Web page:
The formwork for the new footing was set at the same height as the existing slab/cinder-block footings. We originally were going to install 18-inch-by-18-inch reinforced footings at grade, but after consulting with the architect, we reduced them to 14 by 14 inches.

About a week passed before the town inspector was able to check our forms, so we didn't pour the first footing until mid-June. From the time Consolidated Fence showed up on site, it took around 20 minutes to prep the first batch of concrete (see "Mobile Concrete Mixer"). Our crew used wheelbarrows to transport concrete from the discharge chute to the forms, weaving around the bracing. This added some time to the process, but one of the good things about working with a mobile concrete mixer is that time is not as critical as it is with ready-mix. The operator was pretty easygoing; he didn't have to worry about a load of concrete setting up in his rig like the ready-mix guys do.

After the footing cured, we stripped the forms and proceeded to build the block stem wall.. A month later (after various inspections and holidays) we built the opposite gable-end wall the same way, then the rear wall a week after that.

We were about to start on the front when the client decided to go with a single 16-foot-wide garage door rather than two narrow ones. This decision didn't affect how the two front return walls were built, but it did involve extra labor and materials to install an LVL header, jack and level the building, and frame the new opening.

Slab Work

Since we didn't have a package deal with Consolidated Fence to do the whole job (it billed separately for each pour), we could have used ready-mix for the slab and saved some money. But we decided to go with mobile concrete here, too. Consolidated was easy to work with, and it had been good about waiting for our guys to wheelbarrow concrete around all the bracing. Plus, we wanted to keep this good relationship going, in case we needed to use the company in the future.

The architect had wanted an apron slab with an integral drainage grate tied into footing drains, but this idea was dropped for budgetary reasons. A few weeks into the project, however, the client asked that the apron be put back in the project. We did it as an extra, which meant our fifth and final pour occurred almost two months after the first footing was done.

Finishing Up

We saved some money by leaving the existing roofing and the siding on the rear and gable-end walls in place. The front, however, received a facelift, with the large automatic garage door taking up most of the façade.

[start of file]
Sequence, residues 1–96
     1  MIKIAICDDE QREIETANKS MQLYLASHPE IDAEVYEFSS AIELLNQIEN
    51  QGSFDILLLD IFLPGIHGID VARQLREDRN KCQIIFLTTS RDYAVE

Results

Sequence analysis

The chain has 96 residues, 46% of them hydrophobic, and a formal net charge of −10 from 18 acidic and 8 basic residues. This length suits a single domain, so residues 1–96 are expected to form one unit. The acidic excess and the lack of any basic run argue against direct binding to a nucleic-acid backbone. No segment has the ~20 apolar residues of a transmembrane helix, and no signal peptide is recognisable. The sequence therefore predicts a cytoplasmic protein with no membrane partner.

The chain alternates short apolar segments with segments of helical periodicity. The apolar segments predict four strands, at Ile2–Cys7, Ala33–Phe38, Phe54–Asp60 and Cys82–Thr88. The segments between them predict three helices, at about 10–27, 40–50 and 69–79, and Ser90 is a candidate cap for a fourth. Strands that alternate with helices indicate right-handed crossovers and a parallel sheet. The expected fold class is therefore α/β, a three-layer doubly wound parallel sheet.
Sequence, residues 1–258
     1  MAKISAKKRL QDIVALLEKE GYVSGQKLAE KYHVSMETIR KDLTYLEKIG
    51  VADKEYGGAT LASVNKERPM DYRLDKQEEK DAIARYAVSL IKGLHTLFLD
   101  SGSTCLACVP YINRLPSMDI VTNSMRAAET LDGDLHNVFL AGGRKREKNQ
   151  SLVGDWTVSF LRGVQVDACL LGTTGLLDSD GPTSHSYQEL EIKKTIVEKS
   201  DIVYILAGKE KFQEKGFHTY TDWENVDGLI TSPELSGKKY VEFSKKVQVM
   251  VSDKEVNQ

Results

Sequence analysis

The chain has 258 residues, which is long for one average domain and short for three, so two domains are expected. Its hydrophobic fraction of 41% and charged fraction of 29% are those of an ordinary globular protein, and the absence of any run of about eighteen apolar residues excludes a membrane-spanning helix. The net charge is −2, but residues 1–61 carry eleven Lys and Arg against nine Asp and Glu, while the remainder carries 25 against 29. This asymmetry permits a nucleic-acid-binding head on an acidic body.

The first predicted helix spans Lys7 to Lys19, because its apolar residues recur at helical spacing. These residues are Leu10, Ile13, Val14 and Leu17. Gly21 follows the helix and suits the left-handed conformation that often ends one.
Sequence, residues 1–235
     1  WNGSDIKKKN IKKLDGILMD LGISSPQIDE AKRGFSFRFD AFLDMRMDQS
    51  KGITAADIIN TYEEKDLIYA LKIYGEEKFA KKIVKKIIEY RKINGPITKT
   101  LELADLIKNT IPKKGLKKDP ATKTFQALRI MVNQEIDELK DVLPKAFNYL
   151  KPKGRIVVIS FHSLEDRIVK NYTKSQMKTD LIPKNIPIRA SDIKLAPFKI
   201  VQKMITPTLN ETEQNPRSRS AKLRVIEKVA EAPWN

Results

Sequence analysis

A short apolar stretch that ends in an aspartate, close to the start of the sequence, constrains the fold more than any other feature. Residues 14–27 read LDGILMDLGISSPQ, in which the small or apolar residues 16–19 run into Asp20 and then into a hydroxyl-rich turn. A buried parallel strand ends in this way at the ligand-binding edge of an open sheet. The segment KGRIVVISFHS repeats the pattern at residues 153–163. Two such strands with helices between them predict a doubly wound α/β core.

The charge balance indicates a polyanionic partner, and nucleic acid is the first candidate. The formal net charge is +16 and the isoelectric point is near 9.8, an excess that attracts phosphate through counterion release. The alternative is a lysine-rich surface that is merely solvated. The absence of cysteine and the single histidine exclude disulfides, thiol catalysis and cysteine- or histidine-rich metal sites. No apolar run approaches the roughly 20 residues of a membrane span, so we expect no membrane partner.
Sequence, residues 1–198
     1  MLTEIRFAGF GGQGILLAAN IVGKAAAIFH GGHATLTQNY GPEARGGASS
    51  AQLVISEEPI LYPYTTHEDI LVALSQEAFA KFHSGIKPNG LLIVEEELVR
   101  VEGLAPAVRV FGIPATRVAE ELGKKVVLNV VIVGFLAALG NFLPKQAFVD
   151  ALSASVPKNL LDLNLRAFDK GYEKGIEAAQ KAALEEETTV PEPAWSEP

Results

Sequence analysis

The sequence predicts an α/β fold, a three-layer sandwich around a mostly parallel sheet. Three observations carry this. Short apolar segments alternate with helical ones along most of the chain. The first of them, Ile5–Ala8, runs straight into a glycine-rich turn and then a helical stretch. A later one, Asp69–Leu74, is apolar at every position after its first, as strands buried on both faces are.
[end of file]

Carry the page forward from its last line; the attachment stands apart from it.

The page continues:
In the end, we pretty much broke even on the project. It brought in around $26,000 in revenue, but costs came to $25,000 (the $5,000 in extras included framing for the new garage door, plus the install from the door sub; a new 3-foot-by-7-foot side door; gutter installation; some electrical work; and labor and materials for the entry apron). This left us with a modest net profit — but more important, it led to the client asking us to price out a kitchen/bump-out addition, which we plan to start in the next few months.

Rob Corbo is a contractor in Elizabeth, N.J.

Mobile Concrete Mixer

A mobile concrete mixer, also known as a volumetric mixer, is a portable concrete batching plant that produces concrete to spec in exact amounts on site, using raw materials — cement, sand, stone, water, and admixtures — that are stored separately in individual compartments. The ingredients are combined in a mixing auger — a long chute with hinged covers — according to a "recipe" determined from known volumes relationships, such as the ratio of sand and stone to water and cement. Independent shutter gates at the base of the sand and stone compartments control the proportion as the materials are delivered onto a chain-driven conveyor. Cement and water pre-mix with the sand and stone as they pass through a funnel-shaped discharge chute at the end of the conveyor and into the mixing auger. From the control panel, located at the rear of the mixer, the operator can view all of the materials and make adjustments, as well as start and stop the flow of batched concrete as necessary. Cleanup is easy because only the mixing auger needs to be hosed clean; unused materials can go to the next job or be off-loaded individually, cutting down on waste.